I Know a Guy Who Can Do It Much Cheaper – Yes, yes, everybody knows a friend of a friend who can do the photography job for a third of the cost. The kicker is that a photography business is an expensive one to run and you get what you pay for. If you’re happy enough to risk your cheap shooter, then go for it. Just don’t use it as a cheap bargaining ploy when you’re talking to a professional.


Monday, October 10, 2011

Mahotella Queens

The Mahotella Queens are a South African singing group formed in 1964 (and still together today) comprising Hilda Tloubatla, Nobesuthu Mbadu and Mildred Mangxola. The group is noted for their clear three-part harmonies, Mbaqanga township music and fast-paced mgqashiyo dancing.
The Queens were formed by the famed South African talent scout Rupert Bopape, at Gallo Record Company, in 1964, and would go on to have many hits at Gallo's African music division, Mavuthela. Throughout the 1960s, the Queens' line-up usually comprised Hilda Tloubatla, Juliet Mazamisa, Ethel Mngomezulu, Nobesuthu Mbadu and Mildred Mangxola. They were backed by the Mavuthela house band, the Makhona Tsohle Band (comprising several talented instrumentalists including Marks Mankwane on lead guitar and West Nkosi on saxophone), and fronted by the deep-voiced Simon "Mahlathini" Nkabinde. After 1971, growing competition from rival groups saw the Queens' line-up fluctuate considerably, and after a string of mildly-successful late '70s hits, the original five Mahotella Queens regrouped with Mahlathini and Makgona Tsohle in 1983. After one more hiatus, three of the Queens - Hilda Tloubatla, Nobesuthu Mbadu and Mildred Mangxola - regrouped permanently.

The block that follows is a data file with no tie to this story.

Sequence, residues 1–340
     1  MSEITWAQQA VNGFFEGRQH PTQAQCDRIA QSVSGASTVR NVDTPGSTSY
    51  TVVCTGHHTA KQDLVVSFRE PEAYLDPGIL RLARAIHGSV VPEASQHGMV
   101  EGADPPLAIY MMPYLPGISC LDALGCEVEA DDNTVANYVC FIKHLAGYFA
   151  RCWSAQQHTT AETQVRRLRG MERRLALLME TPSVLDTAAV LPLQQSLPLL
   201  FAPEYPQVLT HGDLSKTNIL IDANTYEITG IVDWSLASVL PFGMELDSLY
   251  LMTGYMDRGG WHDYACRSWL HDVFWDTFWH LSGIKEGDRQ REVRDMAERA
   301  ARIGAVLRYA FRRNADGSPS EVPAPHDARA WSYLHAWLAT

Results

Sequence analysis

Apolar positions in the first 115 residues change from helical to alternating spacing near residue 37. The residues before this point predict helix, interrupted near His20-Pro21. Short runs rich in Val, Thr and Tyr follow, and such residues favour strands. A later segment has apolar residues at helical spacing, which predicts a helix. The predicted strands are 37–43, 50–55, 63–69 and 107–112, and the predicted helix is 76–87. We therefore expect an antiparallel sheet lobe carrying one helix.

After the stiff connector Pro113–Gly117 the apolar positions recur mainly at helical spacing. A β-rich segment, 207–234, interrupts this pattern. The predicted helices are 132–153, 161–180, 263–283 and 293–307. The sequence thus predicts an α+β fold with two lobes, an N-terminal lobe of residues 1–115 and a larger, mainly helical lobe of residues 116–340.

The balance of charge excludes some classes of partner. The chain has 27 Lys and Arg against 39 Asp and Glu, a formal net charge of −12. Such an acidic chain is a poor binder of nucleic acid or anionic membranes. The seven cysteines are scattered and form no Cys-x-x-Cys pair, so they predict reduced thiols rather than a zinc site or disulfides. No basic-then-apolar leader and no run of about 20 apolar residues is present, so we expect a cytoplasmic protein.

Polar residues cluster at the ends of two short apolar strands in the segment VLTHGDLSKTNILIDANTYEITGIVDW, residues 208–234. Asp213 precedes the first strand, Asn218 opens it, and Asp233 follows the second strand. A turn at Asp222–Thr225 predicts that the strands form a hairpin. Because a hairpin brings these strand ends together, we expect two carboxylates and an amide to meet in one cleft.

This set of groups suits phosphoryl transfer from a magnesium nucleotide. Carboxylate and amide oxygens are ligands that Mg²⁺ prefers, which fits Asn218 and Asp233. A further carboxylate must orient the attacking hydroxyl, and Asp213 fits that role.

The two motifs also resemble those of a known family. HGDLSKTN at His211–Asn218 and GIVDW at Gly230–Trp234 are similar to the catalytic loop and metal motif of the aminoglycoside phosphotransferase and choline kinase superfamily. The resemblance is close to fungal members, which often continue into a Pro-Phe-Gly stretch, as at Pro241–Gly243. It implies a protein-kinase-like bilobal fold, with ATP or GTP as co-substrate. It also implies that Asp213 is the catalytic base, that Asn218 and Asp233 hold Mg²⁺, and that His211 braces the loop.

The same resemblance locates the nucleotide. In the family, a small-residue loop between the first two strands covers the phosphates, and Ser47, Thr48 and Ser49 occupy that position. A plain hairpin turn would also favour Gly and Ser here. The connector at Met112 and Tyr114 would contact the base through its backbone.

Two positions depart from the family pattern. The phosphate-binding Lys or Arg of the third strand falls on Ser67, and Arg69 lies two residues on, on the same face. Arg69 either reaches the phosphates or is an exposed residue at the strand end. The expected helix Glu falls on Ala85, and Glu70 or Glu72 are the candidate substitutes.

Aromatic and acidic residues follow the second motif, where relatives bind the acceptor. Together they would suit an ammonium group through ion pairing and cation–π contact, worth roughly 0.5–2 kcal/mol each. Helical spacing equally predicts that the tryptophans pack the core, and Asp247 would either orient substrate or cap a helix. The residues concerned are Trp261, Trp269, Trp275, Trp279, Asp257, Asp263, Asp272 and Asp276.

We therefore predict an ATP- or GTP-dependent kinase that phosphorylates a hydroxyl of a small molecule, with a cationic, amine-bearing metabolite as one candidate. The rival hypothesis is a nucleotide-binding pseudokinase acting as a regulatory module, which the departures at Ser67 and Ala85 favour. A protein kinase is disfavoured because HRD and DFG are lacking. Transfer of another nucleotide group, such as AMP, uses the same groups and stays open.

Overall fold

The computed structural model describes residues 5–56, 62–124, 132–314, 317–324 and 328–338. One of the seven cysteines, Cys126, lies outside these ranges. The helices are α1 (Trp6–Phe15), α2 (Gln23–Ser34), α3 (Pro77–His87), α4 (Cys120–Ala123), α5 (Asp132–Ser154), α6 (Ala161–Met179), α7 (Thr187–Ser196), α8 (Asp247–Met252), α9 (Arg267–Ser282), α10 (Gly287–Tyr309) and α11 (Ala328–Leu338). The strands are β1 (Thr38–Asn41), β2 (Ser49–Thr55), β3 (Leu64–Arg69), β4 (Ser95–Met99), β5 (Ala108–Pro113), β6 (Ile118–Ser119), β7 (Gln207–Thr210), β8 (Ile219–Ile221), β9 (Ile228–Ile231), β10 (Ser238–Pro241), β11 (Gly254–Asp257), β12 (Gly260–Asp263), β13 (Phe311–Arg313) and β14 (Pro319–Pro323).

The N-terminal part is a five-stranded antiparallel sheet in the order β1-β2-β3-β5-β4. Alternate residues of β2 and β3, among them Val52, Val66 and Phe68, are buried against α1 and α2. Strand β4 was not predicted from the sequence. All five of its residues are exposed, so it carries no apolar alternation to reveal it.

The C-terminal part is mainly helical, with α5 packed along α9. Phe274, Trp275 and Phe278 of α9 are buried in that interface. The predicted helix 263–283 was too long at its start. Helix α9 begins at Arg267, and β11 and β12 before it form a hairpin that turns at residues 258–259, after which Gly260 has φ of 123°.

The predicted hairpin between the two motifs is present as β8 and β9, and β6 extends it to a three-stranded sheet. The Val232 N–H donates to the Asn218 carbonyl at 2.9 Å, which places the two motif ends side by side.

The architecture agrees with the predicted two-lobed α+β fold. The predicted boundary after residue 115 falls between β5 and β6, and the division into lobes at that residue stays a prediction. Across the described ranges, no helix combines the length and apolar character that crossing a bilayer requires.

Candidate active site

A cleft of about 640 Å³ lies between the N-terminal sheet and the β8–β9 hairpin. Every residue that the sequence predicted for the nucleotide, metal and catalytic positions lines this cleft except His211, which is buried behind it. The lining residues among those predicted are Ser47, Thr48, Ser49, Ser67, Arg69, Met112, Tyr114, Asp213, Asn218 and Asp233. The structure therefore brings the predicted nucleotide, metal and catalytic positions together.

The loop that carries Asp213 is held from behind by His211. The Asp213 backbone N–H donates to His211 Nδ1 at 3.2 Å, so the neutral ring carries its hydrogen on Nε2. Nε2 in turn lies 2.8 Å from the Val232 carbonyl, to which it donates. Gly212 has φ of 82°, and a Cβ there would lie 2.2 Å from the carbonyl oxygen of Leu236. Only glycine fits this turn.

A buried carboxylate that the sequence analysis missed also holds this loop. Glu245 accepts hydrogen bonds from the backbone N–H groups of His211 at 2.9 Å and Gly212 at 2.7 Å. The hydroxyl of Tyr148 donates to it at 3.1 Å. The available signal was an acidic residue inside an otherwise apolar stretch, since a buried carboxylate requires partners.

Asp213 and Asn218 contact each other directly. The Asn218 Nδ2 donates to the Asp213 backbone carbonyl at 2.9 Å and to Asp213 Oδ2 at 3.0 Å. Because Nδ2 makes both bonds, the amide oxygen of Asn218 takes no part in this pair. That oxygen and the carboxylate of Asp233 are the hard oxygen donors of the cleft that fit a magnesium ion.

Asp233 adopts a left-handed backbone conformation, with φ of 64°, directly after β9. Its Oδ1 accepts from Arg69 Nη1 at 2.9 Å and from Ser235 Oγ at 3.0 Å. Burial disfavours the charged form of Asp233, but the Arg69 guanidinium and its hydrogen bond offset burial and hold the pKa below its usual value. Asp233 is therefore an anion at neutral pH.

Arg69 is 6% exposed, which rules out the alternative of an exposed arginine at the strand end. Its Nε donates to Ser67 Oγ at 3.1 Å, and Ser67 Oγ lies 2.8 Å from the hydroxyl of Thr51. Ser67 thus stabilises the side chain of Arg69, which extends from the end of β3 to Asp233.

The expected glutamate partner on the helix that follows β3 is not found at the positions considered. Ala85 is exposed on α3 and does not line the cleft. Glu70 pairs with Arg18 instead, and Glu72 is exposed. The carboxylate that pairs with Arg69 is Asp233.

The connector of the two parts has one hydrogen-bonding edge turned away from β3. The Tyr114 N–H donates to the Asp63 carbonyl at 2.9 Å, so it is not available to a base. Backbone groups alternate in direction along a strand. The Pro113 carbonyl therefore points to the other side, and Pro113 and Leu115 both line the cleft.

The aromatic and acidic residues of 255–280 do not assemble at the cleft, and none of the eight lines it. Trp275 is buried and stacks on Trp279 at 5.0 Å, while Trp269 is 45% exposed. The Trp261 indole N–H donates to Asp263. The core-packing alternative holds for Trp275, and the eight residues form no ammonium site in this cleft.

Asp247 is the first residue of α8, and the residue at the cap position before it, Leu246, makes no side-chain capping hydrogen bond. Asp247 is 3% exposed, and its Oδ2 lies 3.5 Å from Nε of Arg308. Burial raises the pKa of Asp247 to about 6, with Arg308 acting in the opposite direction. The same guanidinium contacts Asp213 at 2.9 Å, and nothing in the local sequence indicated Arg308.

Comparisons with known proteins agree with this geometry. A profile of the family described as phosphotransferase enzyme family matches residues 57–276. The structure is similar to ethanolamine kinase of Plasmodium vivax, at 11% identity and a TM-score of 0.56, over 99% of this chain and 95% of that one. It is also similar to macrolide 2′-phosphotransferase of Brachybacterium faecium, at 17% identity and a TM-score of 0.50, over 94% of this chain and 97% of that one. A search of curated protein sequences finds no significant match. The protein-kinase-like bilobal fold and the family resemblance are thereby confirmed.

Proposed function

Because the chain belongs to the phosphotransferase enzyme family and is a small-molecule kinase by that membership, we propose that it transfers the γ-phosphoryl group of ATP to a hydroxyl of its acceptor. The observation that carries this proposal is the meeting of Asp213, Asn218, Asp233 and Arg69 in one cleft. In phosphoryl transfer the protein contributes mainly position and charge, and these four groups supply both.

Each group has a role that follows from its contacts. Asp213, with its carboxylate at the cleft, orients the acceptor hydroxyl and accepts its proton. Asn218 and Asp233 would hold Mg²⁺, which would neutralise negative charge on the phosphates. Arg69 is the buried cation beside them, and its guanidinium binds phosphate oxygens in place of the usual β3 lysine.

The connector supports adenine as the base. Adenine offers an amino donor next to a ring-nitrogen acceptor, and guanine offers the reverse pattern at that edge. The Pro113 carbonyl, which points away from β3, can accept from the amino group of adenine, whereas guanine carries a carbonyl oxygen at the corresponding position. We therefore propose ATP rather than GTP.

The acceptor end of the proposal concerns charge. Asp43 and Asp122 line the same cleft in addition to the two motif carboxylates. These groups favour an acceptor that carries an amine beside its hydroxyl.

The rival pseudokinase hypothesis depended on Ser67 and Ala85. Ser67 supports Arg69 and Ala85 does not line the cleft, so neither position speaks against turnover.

Although Mahlathini, Marks Mankwane and West Nkosi died between 1998 and 1999, the three Queens continue performing and recording - well into their 60s - to this day.

Self-promo posters

Landscape in Africa

This image was taken after a three-and-half hike in the mountains round Ugie, I was walking up a hill and as I crested the rise in front of me this is what presented itself. I lifted my Nikon and pressed the shutter. 

I am coming to these images almost two years after I captured the image.

Saturday, October 8, 2011

This kinda says it all

Potassium dichromate

An alternative process, that is largely forgotten in a faster digital environment.
The process is analogue one.

Sunday, October 2, 2011

Sushi - an all-time favourite